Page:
Yesterday I started working on trying to figure out what is happening with filming (I still don't buy the notion that production was "shut down" on November 2). One of the things I looked at was Geeky Eri's very helpful videos about the early filming blocks. Something in her block 2 video stuck in my brain as being off, and it set me to speculating... Helena Westerman's casting as "Laila Aybara" was a bit of a bombshell. We've all been assuming that she is a wife or sister and many (myself included) speculated that they will kill her off on Winternight as a means of providing Perrin with additional motivation to leave the Two Rivers. I think that's a solid read. But if that's the case, why would Westerman be filming during Block 2? By episodes 3 and 4, Perrin will be long gone from the Two Rivers. Flashbacks are certainly a possibility, but why wouldn't those flashback scenes (which would undoubtedly use the Emond's Field set) just be shot during Block 1? One possibility is that Laila leaves with the rest of the main characters only to die somewhere on the road. But there is a second possibility... What if Laila Aybara is an Aes Sedai? Could the writers have created a White Tower/Aybara backstory that leads Perrin to leave the Two Rivers to seek out a relative who has gone to the Tower? If Eri is right (and she acknowledges that she's just guessing) Westerman was filming with other non- Two Rivers folk, perhaps in the Logain scenes. Just a little food for thought.
One of the more intriguing aspects of the TV show is how broad of an audience Amazon will go for. I think the possibilities realistically range from TV-14 to TV-MA. TV-PG (the next 'lower' rating) calls for minimal violence, which I just don't think will work. The difference between these basically comes down to two things: nudity and gore. While TV-14 will have some blood and violence, TV-MA will have realistic violence and gore. TV-14 shows will have brief, "tasteful" nudity and implied sexual situations (think side boob and strategic placement of blankets during sex scenes) while TV-MA can include full frontal nudity and more graphic sexual depictions. Personally, I think the creators will head for the TV-MA rating. Violence and psychological terror are integral components of the plot. And, while Robert Jordan was not overly descriptive when it came to sex, the books do contain nudity and sex. Seeing that the trend is toward "Game of Thrones" type realism, I would be very surprised if the show went the other direction. What do y'all think?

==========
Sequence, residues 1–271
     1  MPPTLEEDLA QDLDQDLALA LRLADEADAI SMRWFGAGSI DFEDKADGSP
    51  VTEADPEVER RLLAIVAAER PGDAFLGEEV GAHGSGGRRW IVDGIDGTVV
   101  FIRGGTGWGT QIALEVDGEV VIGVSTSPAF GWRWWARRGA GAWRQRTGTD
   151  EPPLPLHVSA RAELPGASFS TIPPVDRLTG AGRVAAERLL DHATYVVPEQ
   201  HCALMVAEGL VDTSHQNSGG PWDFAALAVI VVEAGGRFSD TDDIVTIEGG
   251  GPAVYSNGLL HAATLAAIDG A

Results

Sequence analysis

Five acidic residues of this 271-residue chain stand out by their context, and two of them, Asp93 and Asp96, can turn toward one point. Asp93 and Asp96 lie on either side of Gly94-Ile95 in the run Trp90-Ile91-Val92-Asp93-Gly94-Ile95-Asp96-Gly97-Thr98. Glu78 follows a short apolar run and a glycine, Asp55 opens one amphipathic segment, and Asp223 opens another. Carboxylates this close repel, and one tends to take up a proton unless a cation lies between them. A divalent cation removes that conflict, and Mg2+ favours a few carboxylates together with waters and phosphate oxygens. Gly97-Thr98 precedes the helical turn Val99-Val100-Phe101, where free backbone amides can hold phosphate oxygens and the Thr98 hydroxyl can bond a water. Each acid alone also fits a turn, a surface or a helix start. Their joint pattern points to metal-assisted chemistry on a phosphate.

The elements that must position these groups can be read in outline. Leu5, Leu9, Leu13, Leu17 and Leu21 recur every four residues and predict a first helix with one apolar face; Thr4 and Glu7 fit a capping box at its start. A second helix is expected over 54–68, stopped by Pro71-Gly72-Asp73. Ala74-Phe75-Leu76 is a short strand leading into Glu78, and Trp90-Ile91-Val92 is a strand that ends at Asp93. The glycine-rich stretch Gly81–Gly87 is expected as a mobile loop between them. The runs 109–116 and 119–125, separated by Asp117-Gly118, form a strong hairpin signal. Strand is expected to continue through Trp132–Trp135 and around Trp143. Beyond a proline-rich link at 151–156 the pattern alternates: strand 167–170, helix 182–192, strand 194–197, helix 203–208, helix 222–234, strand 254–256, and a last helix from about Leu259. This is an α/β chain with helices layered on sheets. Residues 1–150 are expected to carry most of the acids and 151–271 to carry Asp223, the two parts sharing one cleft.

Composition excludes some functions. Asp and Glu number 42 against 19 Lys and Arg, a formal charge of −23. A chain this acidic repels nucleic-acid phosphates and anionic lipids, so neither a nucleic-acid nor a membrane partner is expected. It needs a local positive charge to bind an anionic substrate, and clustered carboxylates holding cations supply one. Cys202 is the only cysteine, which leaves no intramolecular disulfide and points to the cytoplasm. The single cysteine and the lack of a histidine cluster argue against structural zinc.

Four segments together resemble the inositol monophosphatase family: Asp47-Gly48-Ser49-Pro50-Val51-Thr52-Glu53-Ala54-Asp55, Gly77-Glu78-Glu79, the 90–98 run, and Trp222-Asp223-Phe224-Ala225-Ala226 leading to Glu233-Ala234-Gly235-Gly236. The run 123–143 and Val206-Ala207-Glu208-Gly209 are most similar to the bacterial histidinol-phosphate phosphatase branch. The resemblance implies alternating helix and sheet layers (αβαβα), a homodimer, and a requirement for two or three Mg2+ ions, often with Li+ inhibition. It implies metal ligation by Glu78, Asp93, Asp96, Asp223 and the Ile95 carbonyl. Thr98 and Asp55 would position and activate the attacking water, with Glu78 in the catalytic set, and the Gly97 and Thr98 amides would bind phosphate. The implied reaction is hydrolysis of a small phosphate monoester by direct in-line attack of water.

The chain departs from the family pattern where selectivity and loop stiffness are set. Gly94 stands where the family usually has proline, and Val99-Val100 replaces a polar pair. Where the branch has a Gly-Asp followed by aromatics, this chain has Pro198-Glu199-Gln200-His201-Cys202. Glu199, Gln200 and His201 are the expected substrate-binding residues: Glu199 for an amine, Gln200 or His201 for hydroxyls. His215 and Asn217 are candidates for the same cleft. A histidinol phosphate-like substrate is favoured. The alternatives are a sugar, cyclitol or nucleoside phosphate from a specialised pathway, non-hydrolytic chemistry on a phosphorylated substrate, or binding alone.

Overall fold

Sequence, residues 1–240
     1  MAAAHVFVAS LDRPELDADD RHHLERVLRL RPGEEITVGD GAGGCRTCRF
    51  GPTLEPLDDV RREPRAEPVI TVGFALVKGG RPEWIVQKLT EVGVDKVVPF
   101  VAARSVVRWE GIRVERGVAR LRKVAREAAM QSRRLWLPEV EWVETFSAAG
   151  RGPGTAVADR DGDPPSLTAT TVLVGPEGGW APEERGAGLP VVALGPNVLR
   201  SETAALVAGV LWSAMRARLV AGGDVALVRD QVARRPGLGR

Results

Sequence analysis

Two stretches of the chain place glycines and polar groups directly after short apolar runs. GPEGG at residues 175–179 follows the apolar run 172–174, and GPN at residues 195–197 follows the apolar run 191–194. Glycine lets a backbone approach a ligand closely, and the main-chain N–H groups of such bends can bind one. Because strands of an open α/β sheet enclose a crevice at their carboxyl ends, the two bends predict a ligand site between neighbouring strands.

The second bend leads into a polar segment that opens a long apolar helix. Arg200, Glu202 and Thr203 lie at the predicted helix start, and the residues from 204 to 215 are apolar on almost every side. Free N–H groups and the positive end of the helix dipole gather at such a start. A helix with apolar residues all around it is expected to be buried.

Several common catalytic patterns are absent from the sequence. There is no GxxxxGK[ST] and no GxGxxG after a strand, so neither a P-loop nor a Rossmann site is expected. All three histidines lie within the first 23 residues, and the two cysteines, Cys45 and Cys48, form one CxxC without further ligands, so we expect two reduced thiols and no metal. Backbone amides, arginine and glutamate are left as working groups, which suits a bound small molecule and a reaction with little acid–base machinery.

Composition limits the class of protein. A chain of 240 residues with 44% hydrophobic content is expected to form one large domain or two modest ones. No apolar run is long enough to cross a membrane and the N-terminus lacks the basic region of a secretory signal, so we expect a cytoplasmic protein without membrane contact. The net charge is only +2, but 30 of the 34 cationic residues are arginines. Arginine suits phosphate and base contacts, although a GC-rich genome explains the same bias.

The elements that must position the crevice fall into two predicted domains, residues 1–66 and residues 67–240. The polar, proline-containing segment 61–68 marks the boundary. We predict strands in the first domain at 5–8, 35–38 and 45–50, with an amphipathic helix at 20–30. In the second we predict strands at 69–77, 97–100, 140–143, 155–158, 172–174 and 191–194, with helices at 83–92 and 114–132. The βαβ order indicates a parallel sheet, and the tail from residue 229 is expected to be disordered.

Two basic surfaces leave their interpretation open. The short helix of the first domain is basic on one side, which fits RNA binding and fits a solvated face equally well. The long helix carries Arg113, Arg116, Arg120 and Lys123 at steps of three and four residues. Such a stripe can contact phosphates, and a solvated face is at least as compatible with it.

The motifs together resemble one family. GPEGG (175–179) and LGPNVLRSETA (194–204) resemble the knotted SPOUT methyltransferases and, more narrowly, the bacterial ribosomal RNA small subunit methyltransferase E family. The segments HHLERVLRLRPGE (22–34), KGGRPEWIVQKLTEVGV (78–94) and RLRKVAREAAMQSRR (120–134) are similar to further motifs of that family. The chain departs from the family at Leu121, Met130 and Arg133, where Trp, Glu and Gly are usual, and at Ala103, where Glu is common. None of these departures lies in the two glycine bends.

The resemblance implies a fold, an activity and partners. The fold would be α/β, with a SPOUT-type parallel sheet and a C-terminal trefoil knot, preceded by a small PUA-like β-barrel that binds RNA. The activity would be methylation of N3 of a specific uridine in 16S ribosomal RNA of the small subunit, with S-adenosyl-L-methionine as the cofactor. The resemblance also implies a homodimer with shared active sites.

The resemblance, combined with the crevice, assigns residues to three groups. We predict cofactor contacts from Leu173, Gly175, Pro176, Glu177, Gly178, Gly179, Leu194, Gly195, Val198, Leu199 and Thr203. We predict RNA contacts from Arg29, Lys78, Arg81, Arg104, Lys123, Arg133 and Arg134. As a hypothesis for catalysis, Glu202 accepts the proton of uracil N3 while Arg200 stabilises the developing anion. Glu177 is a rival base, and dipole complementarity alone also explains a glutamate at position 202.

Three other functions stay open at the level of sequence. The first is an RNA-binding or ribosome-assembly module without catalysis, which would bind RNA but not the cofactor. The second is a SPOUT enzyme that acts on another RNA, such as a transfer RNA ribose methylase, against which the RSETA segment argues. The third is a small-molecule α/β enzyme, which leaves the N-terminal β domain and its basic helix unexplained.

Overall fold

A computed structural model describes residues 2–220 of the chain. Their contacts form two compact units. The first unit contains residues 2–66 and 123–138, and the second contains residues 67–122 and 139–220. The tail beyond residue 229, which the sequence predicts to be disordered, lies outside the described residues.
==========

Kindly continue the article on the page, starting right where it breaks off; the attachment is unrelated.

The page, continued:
When goofing around with my own amateur adaptation, the Trakand clan always seems to present the most difficult problems. From when to introduce Elayne to whether to keep Morgase to how to eliminate Gawyn (kidding!), the Trakands always seem to present problems. Here are a few guesses about how things might play out for our favorite royal Andorans: Maria Doyle Kennedy is Morgase. [UPDATED] This is just a guess based on casting information that we have right now. Most speculation about Kennedy's role has focused on Siuan, Elaida, Verin, and even Cadsuane. I propose another possibility: Morgase Trakand. With Keira Chansa being cast as a young Siuan, Kennedy is likely not going to be Siuan. Verin is also an unlikely role as it seems doubtful to me that the Hunt for the Horn will leave from Fal Dara prior to Season 2. While Doyle-Kennedy would be excellent as Elaida, she would make an equally good Morgase with acting chops worth investing in over the long term. Morgase's story arc is underappreciated in my opinion - Doyle-Kennedy could really bring weight and depth to the character. [UPDATE] Maria Doyle Kennedy has been announced as Ila the Tinker. So if you're counting I'm 0-1 on my official predictions. Elayne Won't Appear in Season One First - no casting announcement. That's a fairly big clue. Unless Amazon is trying to hide a "big name", there would be no reason to keep this information secret. Second - like I've argued about Min in other posts - Elayne's introduction in the book, while memorable (it is one of my personal favorite scenes from the whole series), is too fleeting to be worth filming. And for pacing purposes, it makes more sense to have the focus be on Rand's encounters with Logain and Elaida. Third - keeping her introduction back will add some anticipation for season two. Egwene's arrival at the Tower is a perfect place to bring her into the story. Daryl McCormack is Gawyn (or Galad) (or Tallanvor) (or Galawynvor) There is some discussion of McCormack as Aram. That would make sense too. It would also make too much sense to get rid of or combine some of these characters. I personally loathe Gawyn and find him the least likable character in the series. Losing him entirely would make loads of sense. Galad's arc could remain the same. And as I mentioned earlier, I feel like the Morgase-Tallanvor-Lini-Lamgwin-Basil story line is underappreciated. McCormack seems like a great choice for either Galad or Tallanvor. What do y'all think?